Franchising, based on it’s framework and structure, has the franchisor providing certain elements that are paid for by fees assessed on the franchisee. Understanding the franchise fees and other related financial considerations is important, as franchise ownership may require the payment of a number of different fees. Following is a sampling of the most common types of fees assessed by the franchisor:
Advertising Fees / Marketing Fund
Some franchised businesses require franchisees to make payments into an advertising or marketing fund. Payment amounts can be a percentage of sales or a flat fee, paid weekly, biweekly or monthly. This fund could be for national or local advertising and some companies may require contributions to both. Advertising money may be spent on TV, radio, print media or printed materials, depending on the franchise, the age of the system, the penetration of the franchise in a market or other considerations. The franchisee may have input to where or how funds are spent, or the decisions may be driven completely by the franchisor.
If the franchisor requires financial audits of the franchise location, the franchisee may have to pay for the cost, especially if any irregularities are found. Audit fees are common to most franchise agreements.
The franchise fee is the initial fee paid to the franchisor to obtain the rights to the operating system of the franchise. This fee typically covers such items as site selection assistance, training, marketing materials and operations manuals. This is usually a one-time fee payable upon signing of the contract and is typically based on the number of units or territories purchased or the size of the territory.
Some franchisors require that franchisees purchase proprietary or general products from them. The primary reason franchisors require specific product/equipment purchases is to insure quality control and uniformity across the system. All the details of required product/equipment purchases are explained in the FDD and/or the franchise agreement.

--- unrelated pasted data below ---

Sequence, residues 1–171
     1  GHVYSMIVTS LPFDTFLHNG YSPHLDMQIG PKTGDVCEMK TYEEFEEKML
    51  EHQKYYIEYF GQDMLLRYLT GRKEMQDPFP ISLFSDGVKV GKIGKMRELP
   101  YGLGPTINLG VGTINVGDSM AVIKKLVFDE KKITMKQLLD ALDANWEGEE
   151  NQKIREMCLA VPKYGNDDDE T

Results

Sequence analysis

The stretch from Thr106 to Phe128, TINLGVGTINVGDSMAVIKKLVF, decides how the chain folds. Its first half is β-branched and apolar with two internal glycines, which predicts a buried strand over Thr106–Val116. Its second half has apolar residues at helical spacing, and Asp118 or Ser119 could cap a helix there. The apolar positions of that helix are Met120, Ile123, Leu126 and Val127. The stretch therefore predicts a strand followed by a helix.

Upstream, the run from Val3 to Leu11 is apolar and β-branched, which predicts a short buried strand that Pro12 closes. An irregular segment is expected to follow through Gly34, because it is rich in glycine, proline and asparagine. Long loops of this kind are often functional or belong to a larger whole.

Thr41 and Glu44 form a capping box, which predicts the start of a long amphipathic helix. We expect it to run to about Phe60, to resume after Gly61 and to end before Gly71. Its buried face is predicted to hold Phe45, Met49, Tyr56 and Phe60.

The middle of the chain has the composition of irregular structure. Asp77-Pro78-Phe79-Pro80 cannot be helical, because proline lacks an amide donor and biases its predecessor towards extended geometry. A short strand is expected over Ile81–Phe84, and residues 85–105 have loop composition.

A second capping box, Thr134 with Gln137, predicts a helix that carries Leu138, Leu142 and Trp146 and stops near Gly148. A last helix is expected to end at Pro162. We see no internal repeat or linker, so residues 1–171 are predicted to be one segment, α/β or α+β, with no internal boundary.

Franchise agreements most often have limited terms (5 or 10 years), and typically do not automatically renew. When it is time to renew the franchise agreement, the franchisor may require a fee be paid in order to renew the agreement. Sometimes the renewal fee can be paid in the form of remodeling or upgrades to the physical location of the franchise, but at a minimum most franchisors require the franchisee to be in full compliance with the operating system to qualify for renewal.
This is a fee paid by franchisee to franchisor on a routine basis for the duration of the contract agreement. Often calculated as a percentage of gross sales, royalty fees can also be fixed amounts or may be based on other factors. These royalties are paid in exchange for the ongoing right to use the franchisor’s brand/trademark and system. These fees enables the franchisor to offer such benefits as ongoing support and training, research and development, and building of the brand.
When a franchisor allows a franchisee to purchase an additional or non-standard territory, they may require a one-time fee for these rights. This fee is similar to the initial franchise fee paid for the initial territory.
Most franchisors include initial training in the franchise fee. Additional training, for franchisee or staff, may also be available and fees may apply.
When a franchisee sells his franchise, the franchisor may require the payment of a transfer fee as a condition for transferring the franchise agreement to the new owner (franchisee).